The gas station in Fruitland was behind us. Treats were eaten. Bottles filled. Maps studied. Ahead was a long, gradual climb through rolling sage country. Not much shade. Not much anything. Just washboards, dust, and blue, bright sky. But onward and upward we pedaled. Life was good. The uncomfortable night, the punctured mattress, and the torn stuff sack were forgotten. The only thing that mattered was the road in front of us. Essentialism, at its most primal. No distractions. No options. Just ride the bike. Elegant, obvious simplicity.
Slowly the landscape changed. More trees filled the hillsides. Craggy outcroppings interrupted the rolling sage. We were coming back into the mountains. When we climbed over the apex of the ridge, once again the world disappeared abruptly. We plummeted off of the hill, losing a thousand vertical feet in a scathing, white-knuckled drop to the river, and to the outskirts of the small town of Hanna, Utah.
We skipped the general store. It was too far off route. And anyway, Skittles, and Doritos, and candy bars still bounced in our bags. Another long climb from the valley, through sage brush, scrub oak, and eventually back into the mountains remained unridden. Cross a valley. Climb a mountain. Cross another valley. The bikepacker’s pattern.
I pedaled alone. I contemplated this thing and that thing. I watched fly fishermen dance with the current of the river. I followed a lone set of tire tracks in the dirt. An immense valley yawned wide. These mountains are small, by mountain standards. But they are nevertheless, mountains. Proper, and ancient. This side of the range was quiet. More people live on the other side. And people don’t like to go places that are hard to get to. But those who do, see the world as it once might have looked.
The river below rushed like music. The wind swung lazily from tree to tree. Clouds sauntered easily overhead. The rhythm of the planet became cadence as I rolled along the narrow, rocky road.
Time, as I thought of it, was absorbed by the rhythmic beat of the day. Deep time. The kind of time that shapes mountains, and digs canyons. Natural time. The numbers on the GPS meant nothing. Hours, miles, and elevation became irrelevant. I was lost in the moment. I was a passing shadow, a fleeting note in the orchestra of time.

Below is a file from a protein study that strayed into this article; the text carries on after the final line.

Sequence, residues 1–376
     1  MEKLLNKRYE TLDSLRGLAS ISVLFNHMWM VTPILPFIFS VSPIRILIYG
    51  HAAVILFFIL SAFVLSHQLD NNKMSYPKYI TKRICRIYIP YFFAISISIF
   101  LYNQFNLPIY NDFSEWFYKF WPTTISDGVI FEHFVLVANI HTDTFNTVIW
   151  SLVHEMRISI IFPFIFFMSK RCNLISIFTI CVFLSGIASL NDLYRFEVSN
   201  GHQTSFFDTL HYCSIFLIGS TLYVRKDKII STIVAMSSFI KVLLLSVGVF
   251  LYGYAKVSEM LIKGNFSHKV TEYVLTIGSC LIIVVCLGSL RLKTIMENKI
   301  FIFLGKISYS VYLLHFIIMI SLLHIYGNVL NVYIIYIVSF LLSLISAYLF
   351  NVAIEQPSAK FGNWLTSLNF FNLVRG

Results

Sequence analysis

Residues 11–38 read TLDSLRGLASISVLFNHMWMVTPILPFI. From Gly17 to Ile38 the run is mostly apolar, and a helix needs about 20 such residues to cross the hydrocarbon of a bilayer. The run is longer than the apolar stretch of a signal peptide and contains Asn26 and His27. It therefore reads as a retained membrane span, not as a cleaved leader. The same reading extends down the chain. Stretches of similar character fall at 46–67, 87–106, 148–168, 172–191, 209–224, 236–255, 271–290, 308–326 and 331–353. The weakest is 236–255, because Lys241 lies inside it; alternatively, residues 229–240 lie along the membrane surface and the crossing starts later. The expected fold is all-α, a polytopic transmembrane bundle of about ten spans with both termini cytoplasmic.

The hill ended at the top of the mountain. The Wasatch Plateau rolled away in every direction like a stormy sea. I stopped to enjoy the view, but just briefly. The road was all downhill from here. Downhill to food. Downhill to rest.
ATVs and 4x4s spat dust into the air. Unsuccessful hunters retreated to the valley, fatigued and defeated. I thought of the Tour Divide. Indeed, I think of nothing else. Then, it still seemed distant and remote. But today, it presses down upon me with tangible terror and excitement. As I fret over my gear choices, and as I study the map, I have to remind myself that the bikepacker’s life is simple. Ride. Eat. Sleep. Everything else disappears into the shadows of ride, eat, sleep.
The simple focus that preparing for the Tour Divide has required, has spilled into my everyday life. I don’t pay attention to the news, or to sports like I used to. I don’t have time for distractions that aren’t helping me get closer to my goal. Every training ride, every book that I read, and most of the idle time I waste on the Internet, is for the Tour Divide. When I sleep, I dream of the Tour Divide. When I drive, I think of the Divide. I when ride, I pretend I am on the Divide.
The Tour Divide will be simple. Not easy. Not easy, at all. But simple.
When it is time to ride, ride.
When it is time to eat, eat.
When it is time to sleep, sleep.
* Dan Millman, The Way of the Peaceful Warrior
Shawn DevlinApril 25, 2017
Like you, I find my non-focussed time thinking of, dreaming of, planning for, the Divide. Good luck and have a blast! I look forward to following your posts. My Divide Ride is 2018. Hope to ingestsome of what you learn from this year.
Grizzly AdamMay 2, 2017